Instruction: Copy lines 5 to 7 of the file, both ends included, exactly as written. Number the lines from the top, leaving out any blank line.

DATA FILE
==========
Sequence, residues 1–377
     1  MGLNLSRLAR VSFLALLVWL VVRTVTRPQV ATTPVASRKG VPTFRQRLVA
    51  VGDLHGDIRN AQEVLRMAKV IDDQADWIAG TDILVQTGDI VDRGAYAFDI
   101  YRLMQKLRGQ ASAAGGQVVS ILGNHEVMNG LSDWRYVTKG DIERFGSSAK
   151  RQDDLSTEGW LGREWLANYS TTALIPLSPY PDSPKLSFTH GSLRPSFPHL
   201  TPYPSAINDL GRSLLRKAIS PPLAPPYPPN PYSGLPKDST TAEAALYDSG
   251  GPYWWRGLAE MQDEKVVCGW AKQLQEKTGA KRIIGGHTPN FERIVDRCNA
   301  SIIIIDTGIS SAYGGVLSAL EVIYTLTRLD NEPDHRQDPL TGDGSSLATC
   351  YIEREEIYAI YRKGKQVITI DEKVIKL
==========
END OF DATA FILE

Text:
   151  RQDDLSTEGW LGREWLANYS TTALIPLSPY PDSPKLSFTH GSLRPSFPHL
   201  TPYPSAINDL GRSLLRKAIS PPLAPPYPPN PYSGLPKDST TAEAALYDSG
   251  GPYWWRGLAE MQDEKVVCGW AKQLQEKTGA KRIIGGHTPN FERIVDRCNA